I appreciate the frequent calls for C. W. R. and should have written sooner, but the paper has been so full of good interesting matter that I thought our space might be more profitably occupied. But if my little article may be a pleasure to any one I shall be pleased to write. I hope the people will remember that I write for the children. The very nature of home awakens many sweet and tender recollections. The one I shall try to describe to you may not be as dear to you as it is to me, but doubtless there is a spot somewhere that is equally as dear to you. Most people have had a home and the mention of that home awakens many sweet recollections; the mention of it causes the breast to heave and the eye to moisten. All that is dear to memory clings around our early home. When I was a small boy my father sold the place where we lived and bought what was known as the Bridwell place, situated on Floyd’s Fork four miles northwest of Mt. Washington and it was there that I spent the most of my childhood days. It was quite a large farm of 175 acres, but strange to say, that every building on it was made of logs, from the mill house to the parlor. The rooms of the dwelling house were large and comfortable. The parlor, as we called it was a large two story hewed log building with large old fashioned chimney at the north end with two fire places to it, one below, and one up stairs in the boys' room. The kitchen was a large old round building with a pass way between it and the parlor. Of course there were out buildings which, as I have said, were also made of logs; you must not suppose that they were not comfortable, for indeed they were quite so. If you could have seen those spacious, old fire places on a cold winter night well filled with dry beech or hickory wood, and mama with her knitting, papa with his paper and we children popping corn and cracking walnuts you would have thought it was a place superlatively comfortable. In fact, what we lacked in finery we made up for in good things to eat- for my papa was a good provider and my mama was a good cook. The best people in the county visited our house and the preachers made it their stopping place; so you can see it was a delightful old place. The yard was filled with locust trees and evergreen trees and some cherry trees. The sweetest shrubbery about the place was two large clusters of wild rose bushes, one on each side of the front door. There were large stone steps with the rose bushes on each side almost obstructing the doorway. The yard was long and rolling and reached down to neighborhood road that passed in front, so that you may imagine that in the springtime, when the trees and shrubbery were in full leaf and bloom, with the birds singing in their branches and the bees humming in the flowers it was a delightful place notwithstanding its modest pretensions. I must not forget the clear, cool spring that gushed out from under a cliff of rocks and sent its cooling waters through the milk house among clean jars and well filled milk cans and then went on to fill the big watering trough for the stock. But one of the sweetest places to my childhood remembrances was a summer bathing place in Floyd’s Fork near our house. There the creek widened and deepened until it became quite large pool, large enough to swim horses in. In the last summer days we would repair to that pool and enjoy it to our hearts delight. My papa would go with us and teach us to swim. He taught us how to ride the horses and let them swim. I remember the thrill of pleasure mingled with fear when first undertaking that feat. I must tell you how we used the fish in that pool. The little shiny fish would collect there the enjoy the deep water; we would work good all the week for the privilege of going fishing on Saturday evening, we would get a little eight foot pole and a line about the same length and we did not have to wait long for a bite, and when we would see our cork go under we would give a tremendous jerk and sometimes sent the little fish sixteen feet in the air, and when it struck the ground if it did not kill it, it would usually flop off the hook. The next thing was to catch it before it got back into the water and as the bank was steep it was a little uncertain which would get into the water first, us or the fish. But we seldom failed to catch a nice string of little fish. Mother would cook them nice and brown for us and we would enjoy eating them while we talked over that wonderful experience we had while watching them. Another interesting circumstance connected with my child life was our potato patch. My papa gave us boys a peck of Irish potatoes and told us that we might have all we could raise to sell for ourselves. That potato patch was well tended, and it was interesting to hear how many wonderful purchases we laid off to make when we sold our potatoes almost every thing that summer we laid off to buy when we sold our potatoes. The sugar making was also and interesting time when it came time to make sugar and tree molasses we would dig a large furnace, set the big kettles, prepare a sled and barrel; making the spiles was night work. When everything was ready we tapped the trees, usually putting two spiles in each tree, the water was collected and boiled in those large kettles until it was thick syrup, then it was taken to the house and strained through a coarse cloth; it was then put into large ovens and boiled to sugar, or molasses. There are few things better than good, thick, maple molasses, especially when served with good hot shortened biscuit. You are ready to say he is greedy, is that all not enough to make any one greedy? I would love to tell you about the watermelon patch and the apple hole, each in its own season, but I have said enough for this time. C W R (Charles W. Ridgway)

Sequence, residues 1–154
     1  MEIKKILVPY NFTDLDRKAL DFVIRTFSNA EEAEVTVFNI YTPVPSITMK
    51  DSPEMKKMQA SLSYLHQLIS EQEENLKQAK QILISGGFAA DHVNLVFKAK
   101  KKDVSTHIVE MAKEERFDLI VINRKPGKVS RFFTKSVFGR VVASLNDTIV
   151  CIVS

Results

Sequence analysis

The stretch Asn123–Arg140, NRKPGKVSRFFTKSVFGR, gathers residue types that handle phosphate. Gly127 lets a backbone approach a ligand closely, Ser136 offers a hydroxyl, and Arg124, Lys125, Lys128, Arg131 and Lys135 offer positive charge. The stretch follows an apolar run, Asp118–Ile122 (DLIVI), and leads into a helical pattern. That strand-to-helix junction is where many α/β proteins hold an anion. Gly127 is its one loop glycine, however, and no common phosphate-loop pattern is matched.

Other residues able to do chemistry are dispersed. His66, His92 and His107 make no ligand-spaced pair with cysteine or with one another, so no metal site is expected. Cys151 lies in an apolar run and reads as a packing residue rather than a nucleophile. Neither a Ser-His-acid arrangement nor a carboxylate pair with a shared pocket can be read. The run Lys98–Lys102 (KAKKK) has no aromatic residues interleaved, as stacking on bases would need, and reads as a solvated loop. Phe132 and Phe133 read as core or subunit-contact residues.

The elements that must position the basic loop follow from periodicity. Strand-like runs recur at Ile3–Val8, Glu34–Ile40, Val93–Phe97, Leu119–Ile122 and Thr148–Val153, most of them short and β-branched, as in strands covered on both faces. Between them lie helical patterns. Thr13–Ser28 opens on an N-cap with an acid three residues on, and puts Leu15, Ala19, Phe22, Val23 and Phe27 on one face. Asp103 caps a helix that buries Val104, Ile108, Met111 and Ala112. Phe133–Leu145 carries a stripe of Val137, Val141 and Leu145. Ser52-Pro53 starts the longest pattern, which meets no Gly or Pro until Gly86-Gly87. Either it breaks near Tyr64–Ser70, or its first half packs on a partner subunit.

The Bullitt County News May 10, 1907 Children’s Corner